Councillors approve revised Local Plan

Protestors at night holding banner and signs saying 'Save Symondshyde'

More than 40 residents attended the meeting on January 27. - Credit: Local Democracy Reporting Service

Councillors in Welwyn Hatfield have agreed on a new approach to lower the amount of housing in their Local Plan, despite opposition groups saying it was “skewed” against larger towns in the borough.

At a meeting of full council on Thursday, January 27, councillors voted through plans to submit a revised version of the council’s November 2020 draft, which will see the council plan for 13,279 homes – rather than the inspector-set target of 15,200.

The leader of the council said the administration was “stuck between a rock and a hard place”, but presented a “viable alternative” that involved less building on the Green Belt.

The new plans involve the scrapping of plans to build 1,500 homes in a new village in Symondshyde, and for 300 homes in Brookmans Park.

READ MORE: 'Where are the housing reductions for Welwyn Garden City and Hatfield?'

Opposition councillors in the Labour and Liberal Democrat groups argued the plan would see Welwyn Garden City and Hatfield take the brunt of new development.

Ahead of Thursday’s meeting, officers warned councillors the inspector has previously rejected a strategy for 13,277 homes and if the draft is found unsound it could leave the council open to speculative planning applications.

However, the leader of the council, Councillor Tony Kingsbury (Conservative, Welwyn West) said the administration was “going as far as we can” to avoid excessive building on green space and defended the proposal.

He said: “I’m thinking exactly the same as everyone else, we are between a rock and a hard place. This is one of the hardest decisions for this council in all the time I’ve served here.

READ MORE: Council confirms which Local Plan sites will be dropped

“It is important that we get a plan in place but we do need to consider and listen to the views of our residents. I’m sure all members have received many emails from concerned residents with various views, and also from developers. We do need to listen, but views can be conflicting and we do need to make a decision tonight.”

Cllr Kingsbury added: “The alternative we are discussing tonight was put forward, which I believe is going as far as we can and would at least be a viable plan to go forward and I hope the inspector can see it as such.”

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However, opposition groups said they would rather the council start afresh on the plan 12 years after work began after saying their concerns had still not been addressed.

Councillor Russ Platt (Liberal Democrat, Peartree) said under the proposed plan 18 per cent of new homes for the borough would be built in one road in his Welwyn Garden City ward, and warned the plans would be the “beginning of the end of the garden city”.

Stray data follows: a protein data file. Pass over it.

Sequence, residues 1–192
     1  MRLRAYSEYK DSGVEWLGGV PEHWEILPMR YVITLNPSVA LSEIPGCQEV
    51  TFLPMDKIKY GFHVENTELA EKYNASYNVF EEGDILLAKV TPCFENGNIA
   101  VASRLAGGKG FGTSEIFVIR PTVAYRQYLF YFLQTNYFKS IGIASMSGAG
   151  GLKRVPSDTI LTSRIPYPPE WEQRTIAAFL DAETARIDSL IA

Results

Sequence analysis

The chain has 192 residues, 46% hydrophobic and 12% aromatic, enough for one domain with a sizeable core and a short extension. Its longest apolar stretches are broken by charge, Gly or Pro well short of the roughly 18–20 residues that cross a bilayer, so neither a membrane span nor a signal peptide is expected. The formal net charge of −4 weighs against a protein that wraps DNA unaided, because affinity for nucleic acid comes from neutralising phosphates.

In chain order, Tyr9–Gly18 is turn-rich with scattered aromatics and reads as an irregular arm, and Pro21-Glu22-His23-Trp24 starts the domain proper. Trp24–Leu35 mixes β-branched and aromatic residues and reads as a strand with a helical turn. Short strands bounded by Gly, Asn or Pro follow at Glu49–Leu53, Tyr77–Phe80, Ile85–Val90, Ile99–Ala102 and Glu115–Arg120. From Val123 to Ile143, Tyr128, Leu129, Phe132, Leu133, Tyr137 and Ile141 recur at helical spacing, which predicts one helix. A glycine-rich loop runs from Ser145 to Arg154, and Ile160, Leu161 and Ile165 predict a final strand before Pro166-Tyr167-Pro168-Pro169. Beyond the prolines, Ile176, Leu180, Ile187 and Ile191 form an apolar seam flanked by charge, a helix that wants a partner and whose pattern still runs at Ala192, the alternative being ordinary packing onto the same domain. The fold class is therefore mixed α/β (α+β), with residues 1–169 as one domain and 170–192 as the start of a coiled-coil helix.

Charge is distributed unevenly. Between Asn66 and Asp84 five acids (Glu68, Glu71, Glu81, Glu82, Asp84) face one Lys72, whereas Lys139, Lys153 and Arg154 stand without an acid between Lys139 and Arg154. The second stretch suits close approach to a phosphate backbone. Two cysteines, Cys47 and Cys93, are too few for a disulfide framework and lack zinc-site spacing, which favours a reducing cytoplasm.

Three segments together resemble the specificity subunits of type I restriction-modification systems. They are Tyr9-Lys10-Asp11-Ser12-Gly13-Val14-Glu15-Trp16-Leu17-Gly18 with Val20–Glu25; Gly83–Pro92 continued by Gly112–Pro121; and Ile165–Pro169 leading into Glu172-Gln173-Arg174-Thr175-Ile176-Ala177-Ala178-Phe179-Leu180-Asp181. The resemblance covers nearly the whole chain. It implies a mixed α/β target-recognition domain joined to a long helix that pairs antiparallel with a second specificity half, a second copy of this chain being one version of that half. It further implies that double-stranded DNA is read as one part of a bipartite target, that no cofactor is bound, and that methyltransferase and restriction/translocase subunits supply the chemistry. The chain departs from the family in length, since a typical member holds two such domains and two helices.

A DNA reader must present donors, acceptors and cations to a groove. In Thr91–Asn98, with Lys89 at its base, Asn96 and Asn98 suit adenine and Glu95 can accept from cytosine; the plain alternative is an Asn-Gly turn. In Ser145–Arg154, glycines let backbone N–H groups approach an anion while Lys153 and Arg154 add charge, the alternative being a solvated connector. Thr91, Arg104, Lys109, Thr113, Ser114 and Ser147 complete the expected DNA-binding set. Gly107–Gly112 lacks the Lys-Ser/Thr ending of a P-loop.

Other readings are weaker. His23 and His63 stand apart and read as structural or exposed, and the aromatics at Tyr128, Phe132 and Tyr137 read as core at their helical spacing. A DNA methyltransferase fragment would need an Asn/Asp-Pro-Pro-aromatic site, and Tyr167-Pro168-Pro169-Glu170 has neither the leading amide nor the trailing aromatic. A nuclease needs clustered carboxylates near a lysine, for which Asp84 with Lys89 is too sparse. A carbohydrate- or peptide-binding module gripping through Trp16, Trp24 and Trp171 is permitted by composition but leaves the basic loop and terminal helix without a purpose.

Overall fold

Liberal Democrat group leader, Councillor Paul Zukowskyj (Welham Green and Hatfield), criticised the planning process for taking choices away from local people, and said he couldn’t vote for a plan that would “damage my community”.

He said: “If you want to see a sensible Local Plan, we should just draw a line under this entire sorry situation and start again. I will not vote to damage my community, that is what the proposal on the table does – I just won’t do it, that’s not what I was elected to do.”

Labour group leader Councillor Kieran Thorpe (Hatfield South West) echoed criticism of the “flawed” planning process and said the local MP Grant Shapps and central government had failed to meet their promises to protect the area.

The councillor said the council, by returning to an approach already rejected by the inspector, risks losing control of decision-making.

Cllr Thorpe said: “I know, faced with the demands of the inspector and the fact you are now out of options and out of time, you’d rather try and wash your hands of it and defy those demands.

"Even if that means losing control of the planning process, even if it means higher house building happening, even if it means someone else making all the decisions.”

The proposals passed after Conservative councillors said it was important to return to the inspector with an updated plan, and argued individual planning issues could be discussed if the plan is adopted.

Councillor Sunny Thusu (Conservative, Welwyn West), who proposed the reduction during the Cabinet Planning and Parking Panel meeting earlier this month, acknowledged “there is no good thing as a good site”, and said the new plan, while a compromise, still offered sustainable growth in the borough.

The executive member for planning, Councillor Stephen Boulton (Conservative, Brookmans Park and Little Heath) added: “I really don’t want to accept these numbers, but there’s a difference between those who carp and snipe and those who have to govern.

“We have to govern and the advice we have heard from experts, including QCs, is that we will have to do so, and we will have to find numbers to eventually find a sound plan. It’s not an easy choice, but it’s a difficult one and a necessary one.”

In response to concerns about over-development in Welwyn Garden City, Councillor Fiona Thomson (Conservative, Handside) said it could be time to consider the future of the former Nabisco silos and adjoining production hall.

She said development along Broadwater Road is likely, but “removal of the silos might open the door to a more acceptable lower-height, lower-density development”.

The amended draft plan passed by 25-13, and the council will now return to the inspector with the modified strategy.